Some of the strategies written into OSP policy and practiced during
VA and national training exercises are the direct application of
lessons learned from our experience with Hurricane Katrina. Although
VHA did not suffer any loss of life resulting from the 2005 hurricane
season, and all inpatients affected by the storm were accounted for, VA
did have to close two major medical centers (Gulf Port and New Orleans)
and evacuate hundreds of patients, staff and family members from them.
Katrina caused significant disruption to health care operations
throughout the entire Gulf Coast region. Yet, through alternate venues,
we were able to continue providing care to Veterans. For example, VA
deployed a system of 12 ``mobile clinics'' to various sites across the
region in coordination with local authorities and expanded the capacity
of our Community-Based Outpatient Clinic in Baton Rouge, Louisiana. A
key element of our success in this regard was VA's electronic health
record, which enabled VA clinicians across the U.S. to access the
medical records of VA patients displaced by Hurricane Katrina. VHA also
took on a significant role in providing care to non-VA beneficiaries in
keeping with VA's ``Fourth Mission.''
In the aftermath of Katrina, VHA deployed 1,300 volunteers and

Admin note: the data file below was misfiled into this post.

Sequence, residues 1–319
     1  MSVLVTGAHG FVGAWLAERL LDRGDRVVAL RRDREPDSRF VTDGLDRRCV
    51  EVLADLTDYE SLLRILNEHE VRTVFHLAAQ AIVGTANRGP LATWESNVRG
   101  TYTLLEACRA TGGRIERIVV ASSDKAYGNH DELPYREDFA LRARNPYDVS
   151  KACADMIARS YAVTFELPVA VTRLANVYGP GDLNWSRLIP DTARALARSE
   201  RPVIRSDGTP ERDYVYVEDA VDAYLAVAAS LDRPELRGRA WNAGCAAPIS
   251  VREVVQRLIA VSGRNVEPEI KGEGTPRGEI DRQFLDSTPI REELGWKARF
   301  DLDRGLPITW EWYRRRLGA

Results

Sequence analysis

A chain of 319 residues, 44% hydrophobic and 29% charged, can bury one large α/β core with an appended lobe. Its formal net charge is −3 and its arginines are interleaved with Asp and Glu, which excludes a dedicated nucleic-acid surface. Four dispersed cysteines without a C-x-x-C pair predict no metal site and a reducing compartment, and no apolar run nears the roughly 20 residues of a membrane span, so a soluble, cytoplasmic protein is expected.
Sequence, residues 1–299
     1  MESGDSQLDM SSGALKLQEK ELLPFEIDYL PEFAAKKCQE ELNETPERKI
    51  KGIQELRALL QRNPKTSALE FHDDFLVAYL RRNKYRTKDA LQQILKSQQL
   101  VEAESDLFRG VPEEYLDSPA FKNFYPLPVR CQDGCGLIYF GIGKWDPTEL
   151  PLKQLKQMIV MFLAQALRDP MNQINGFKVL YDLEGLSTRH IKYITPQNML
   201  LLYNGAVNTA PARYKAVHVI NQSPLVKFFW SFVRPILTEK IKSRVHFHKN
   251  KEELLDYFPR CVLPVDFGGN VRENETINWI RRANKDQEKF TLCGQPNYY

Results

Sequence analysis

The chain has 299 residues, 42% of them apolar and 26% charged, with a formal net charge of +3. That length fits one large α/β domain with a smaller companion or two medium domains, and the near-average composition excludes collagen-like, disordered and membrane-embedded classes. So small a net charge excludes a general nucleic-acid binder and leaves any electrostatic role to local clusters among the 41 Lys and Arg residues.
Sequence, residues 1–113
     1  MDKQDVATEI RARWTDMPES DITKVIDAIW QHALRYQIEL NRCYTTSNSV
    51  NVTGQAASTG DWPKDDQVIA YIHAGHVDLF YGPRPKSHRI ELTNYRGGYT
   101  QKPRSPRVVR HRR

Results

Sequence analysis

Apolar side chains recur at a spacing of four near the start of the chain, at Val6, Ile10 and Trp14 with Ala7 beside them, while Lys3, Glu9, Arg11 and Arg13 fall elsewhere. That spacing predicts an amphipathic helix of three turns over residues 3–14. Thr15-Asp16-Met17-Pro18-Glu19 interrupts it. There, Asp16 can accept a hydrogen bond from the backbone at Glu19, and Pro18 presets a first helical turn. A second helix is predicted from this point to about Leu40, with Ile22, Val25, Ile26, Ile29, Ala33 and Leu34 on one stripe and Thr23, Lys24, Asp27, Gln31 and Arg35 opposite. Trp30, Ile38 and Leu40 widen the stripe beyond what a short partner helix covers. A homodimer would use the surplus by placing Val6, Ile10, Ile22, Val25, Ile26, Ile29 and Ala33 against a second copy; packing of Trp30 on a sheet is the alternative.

staff in a series of 14-day rotations to:
Operate two Federal Medical Stations (FMS) providing
medical services to hundreds of non-VA beneficiaries under the National
Response Plan's Emergency Support Function 8.
Operate VHA mobile medical clinics.
Deliver food, water, fuel and supplies to affected
Augment command and control internal and external to VHA.
Medical Emergency Preparedness
Important lessons learned from Katrina that VHA applies today
Conduct a comprehensive assessment of all VA Medical
Centers (VAMC) preparedness to operate independently.
Provide equipment and supplies, as well as funds to train
and exercise Federal Coordinating Centers (FCC).
Train and prepare cadres to support future FMS
Provide an internal VHA patient evacuation system that
does not rely on external resources.
Procure deployable command and control, medical,
pharmacy, housing and hygiene units.
Enhance the registry and abilities of the Disaster
Emergency Medical Personnel System (DEMPS).
Since 2005, VA has taken a number of steps to improve our medical
emergency preparedness. After Katrina, VA conducted a business impact
analysis and is now nearing completion of a comprehensive 3-year
assessment of the readiness of all 153 VA Medical Centers. We provided
$2 million for FCC patient reception team caches that can be used to
support receipt of patients under the Department of Defense (DoD)-VA
Contingency Plan as well as the National Disaster Medical System
(NDMS). In addition, VA has procured and tested prototype Dual-Use
Passenger/Patient Vehicles capable of transporting various
configurations of ambulatory, wheelchair and litter-borne patients. We
have an agreement with the General Services Administration to procure
over 130 of these vehicles, beginning this year. Finally, VHA procured
25 mobile command and control, medical, pharmacy, housing and hygiene
units to support internal continuity operations, as well as external
taskings under the National Response Framework. We also have recruited
additional DEMPS volunteers and are working on enhancing VA's ability
to identify and deploy volunteers more efficiently in support of both
internal and external taskings.
Returning to Secretary Shinseki's three ``Fourth Mission''